Zahir Shah |
The young King Zahir Sha entrusted the formation of the government to his uncle Mohammed Hashem, promoter of a new policy of reforms more in line with social reality: reorganization of the army, compulsory primary education for men, creation of secondary schools and extension – with the help of Turkish doctors who created a medical school – of hygiene measures throughout the country.
The new government turned to the United States to explore the country’s natural resources and to build irrigation and communication systems. The Afghan government offered favorable incentives to US business enterprises (such as very favorable contracts) to achieve rapid development in unproductive geographic areas, such as the Hilmand Valley in the south of the country.
The first 20 years of Zahir Shah’s reign were characterized by cautious policies of national consolidation, an expansion of international relations, and the country’s internal development. The Second World War caused delays in the development process, but Afghanistan maintained its traditional neutrality, although in 1941 agreed to expel the Germans, Japanese and Italian citizens, removing any pretext for an eventual foreign occupation.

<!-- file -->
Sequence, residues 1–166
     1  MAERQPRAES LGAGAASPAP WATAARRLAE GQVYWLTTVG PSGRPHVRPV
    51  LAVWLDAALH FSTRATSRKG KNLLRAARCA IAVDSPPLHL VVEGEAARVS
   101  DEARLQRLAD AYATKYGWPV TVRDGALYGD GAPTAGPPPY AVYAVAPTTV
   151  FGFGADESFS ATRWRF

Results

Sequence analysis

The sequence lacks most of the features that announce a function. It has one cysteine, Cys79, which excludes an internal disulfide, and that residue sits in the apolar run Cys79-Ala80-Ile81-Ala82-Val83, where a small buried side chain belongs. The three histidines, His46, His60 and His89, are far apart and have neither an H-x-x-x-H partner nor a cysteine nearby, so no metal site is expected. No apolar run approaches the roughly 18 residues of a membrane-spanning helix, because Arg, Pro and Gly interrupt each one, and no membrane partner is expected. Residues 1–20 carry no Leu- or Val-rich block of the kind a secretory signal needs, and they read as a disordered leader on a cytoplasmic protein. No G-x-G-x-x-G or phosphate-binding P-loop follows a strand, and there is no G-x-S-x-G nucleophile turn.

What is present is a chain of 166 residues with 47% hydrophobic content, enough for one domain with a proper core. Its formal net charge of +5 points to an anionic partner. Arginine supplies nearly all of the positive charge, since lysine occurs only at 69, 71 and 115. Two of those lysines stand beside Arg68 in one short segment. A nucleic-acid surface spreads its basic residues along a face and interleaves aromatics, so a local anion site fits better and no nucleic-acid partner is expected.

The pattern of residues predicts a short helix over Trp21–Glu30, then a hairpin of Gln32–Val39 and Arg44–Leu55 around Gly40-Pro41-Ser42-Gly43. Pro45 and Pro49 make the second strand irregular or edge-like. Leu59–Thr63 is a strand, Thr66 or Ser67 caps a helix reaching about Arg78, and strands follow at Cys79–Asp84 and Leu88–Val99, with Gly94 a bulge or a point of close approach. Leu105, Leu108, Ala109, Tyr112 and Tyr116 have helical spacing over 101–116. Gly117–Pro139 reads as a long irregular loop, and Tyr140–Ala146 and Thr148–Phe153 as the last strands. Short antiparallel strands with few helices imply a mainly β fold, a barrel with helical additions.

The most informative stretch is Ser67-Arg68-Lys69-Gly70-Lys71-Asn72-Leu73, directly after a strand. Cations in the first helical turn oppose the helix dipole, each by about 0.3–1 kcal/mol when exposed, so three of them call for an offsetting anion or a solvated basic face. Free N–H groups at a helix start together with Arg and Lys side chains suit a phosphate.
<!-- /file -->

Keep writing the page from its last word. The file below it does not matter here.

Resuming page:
Starting in the 1950s, the leadership of Lieutenant General Mohamed Daúd Kan, cousin and brother-in-law of the King who was appointed Prime Minister in 1953, stands out. Daúd Kan nationalized services, built irrigation systems, roads, schools, and hydroelectric dams with financial aid from the United States, reorganized the military with Soviet aid, and was neutral in the Cold War. In addition, it abolished the mandatory use of the chador (veil) for women, and the purdah, the prohibition of women being seen in public.
Starting in 1955, faced with the threat posed by Pakistan, thousands of Afghans were regularly sent to study in the Soviet Union and, mainly, to receive military training.